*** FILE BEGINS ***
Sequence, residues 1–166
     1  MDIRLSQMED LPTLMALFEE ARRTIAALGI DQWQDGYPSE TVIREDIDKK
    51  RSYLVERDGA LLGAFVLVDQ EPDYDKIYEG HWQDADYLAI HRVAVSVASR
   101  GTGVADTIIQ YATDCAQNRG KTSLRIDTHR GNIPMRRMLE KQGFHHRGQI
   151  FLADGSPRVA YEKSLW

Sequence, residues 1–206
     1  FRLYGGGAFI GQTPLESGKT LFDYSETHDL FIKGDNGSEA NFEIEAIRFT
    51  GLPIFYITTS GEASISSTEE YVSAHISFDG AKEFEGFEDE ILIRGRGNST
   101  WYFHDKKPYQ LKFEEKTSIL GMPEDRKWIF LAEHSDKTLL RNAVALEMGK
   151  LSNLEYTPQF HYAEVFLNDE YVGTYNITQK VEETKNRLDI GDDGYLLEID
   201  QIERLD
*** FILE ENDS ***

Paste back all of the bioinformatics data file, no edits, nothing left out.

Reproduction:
Sequence, residues 1–166
     1  MDIRLSQMED LPTLMALFEE ARRTIAALGI DQWQDGYPSE TVIREDIDKK
    51  RSYLVERDGA LLGAFVLVDQ EPDYDKIYEG HWQDADYLAI HRVAVSVASR
   101  GTGVADTIIQ YATDCAQNRG KTSLRIDTHR GNIPMRRMLE KQGFHHRGQI
   151  FLADGSPRVA YEKSLW

Sequence, residues 1–206
     1  FRLYGGGAFI GQTPLESGKT LFDYSETHDL FIKGDNGSEA NFEIEAIRFT
    51  GLPIFYITTS GEASISSTEE YVSAHISFDG AKEFEGFEDE ILIRGRGNST
   101  WYFHDKKPYQ LKFEEKTSIL GMPEDRKWIF LAEHSDKTLL RNAVALEMGK
   151  LSNLEYTPQF HYAEVFLNDE YVGTYNITQK VEETKNRLDI GDDGYLLEID
   201  QIERLD